Figure 3a, b shows the BME results obtained for D = 32 and D = 256, respectively, where we again return to Picture 1 with fixed ground truth for all trials. For the tests here, thinning of T = 28 (T = 210) is used for the D = 32 (D = 256) MCMC chains. Compared to the shadow results of Fig. 1, the BME predictions still do not reach ground truth values for λ0 and λ1 efficiently. This proves intriguing, since \(\parallel \rho -{\rho }_{s}{\parallel }_{F}^{2}\) with \(\rho =\left|\psi \right\rangle \left\langle \psi \right|\) is minimized precisely by states for which \(\left\langle \psi | {\rho }_{s}| \psi \right\rangle\) is large. So if \({\lambda }_{0}^{(s)}=\left\langle g| {\rho }_{s}| g\right\rangle \sim 1\) (cf. Fig. 1), it is odd that predictions using a BME value maximizing \(\left\langle \psi | {\rho }_{s}| \psi \right\rangle\) looks so different for D = 256. The origin of this discrepancy, however, lies in ρs’s nonphysicality.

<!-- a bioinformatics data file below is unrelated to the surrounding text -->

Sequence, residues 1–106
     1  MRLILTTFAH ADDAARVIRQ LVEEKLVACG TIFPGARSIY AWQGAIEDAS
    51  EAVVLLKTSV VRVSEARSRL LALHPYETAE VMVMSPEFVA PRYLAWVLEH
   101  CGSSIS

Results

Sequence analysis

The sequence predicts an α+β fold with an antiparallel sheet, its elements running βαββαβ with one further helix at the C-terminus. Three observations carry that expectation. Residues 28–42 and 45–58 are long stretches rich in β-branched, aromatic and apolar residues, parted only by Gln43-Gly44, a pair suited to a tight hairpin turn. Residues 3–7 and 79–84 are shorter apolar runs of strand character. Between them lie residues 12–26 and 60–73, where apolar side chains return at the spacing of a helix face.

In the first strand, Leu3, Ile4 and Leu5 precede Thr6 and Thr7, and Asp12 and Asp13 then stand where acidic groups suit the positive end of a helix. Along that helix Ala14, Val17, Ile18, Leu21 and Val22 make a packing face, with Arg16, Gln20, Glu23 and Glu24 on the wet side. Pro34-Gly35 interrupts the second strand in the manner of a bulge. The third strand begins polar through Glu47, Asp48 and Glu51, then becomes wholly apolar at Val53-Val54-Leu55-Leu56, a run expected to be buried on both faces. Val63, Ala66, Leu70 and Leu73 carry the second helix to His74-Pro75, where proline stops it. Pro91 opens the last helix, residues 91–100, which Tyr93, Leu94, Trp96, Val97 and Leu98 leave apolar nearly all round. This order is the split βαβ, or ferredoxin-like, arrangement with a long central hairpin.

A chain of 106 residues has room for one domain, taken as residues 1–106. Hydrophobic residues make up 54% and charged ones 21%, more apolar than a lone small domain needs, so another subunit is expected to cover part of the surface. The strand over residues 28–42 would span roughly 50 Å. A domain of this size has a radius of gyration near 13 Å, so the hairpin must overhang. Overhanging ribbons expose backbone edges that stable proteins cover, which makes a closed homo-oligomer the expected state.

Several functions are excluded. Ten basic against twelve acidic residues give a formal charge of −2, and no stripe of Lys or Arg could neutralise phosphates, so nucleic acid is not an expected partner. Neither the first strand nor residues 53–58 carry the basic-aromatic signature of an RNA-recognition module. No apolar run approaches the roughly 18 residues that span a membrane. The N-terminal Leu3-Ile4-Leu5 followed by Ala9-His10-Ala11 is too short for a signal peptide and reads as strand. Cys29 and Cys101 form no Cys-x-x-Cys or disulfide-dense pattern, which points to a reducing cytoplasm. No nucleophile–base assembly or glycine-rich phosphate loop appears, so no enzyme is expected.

Fig. 3: Bayesian inference results utilizing the pseudo-likelihood in Eq. (9).

a D = 32 case. b D = 256 case. The overlap with shadow, \({\rm{Tr}}\,{\rho }_{B}{\rho }_{s}\) is plotted in c for D = 32 and d for D = 256.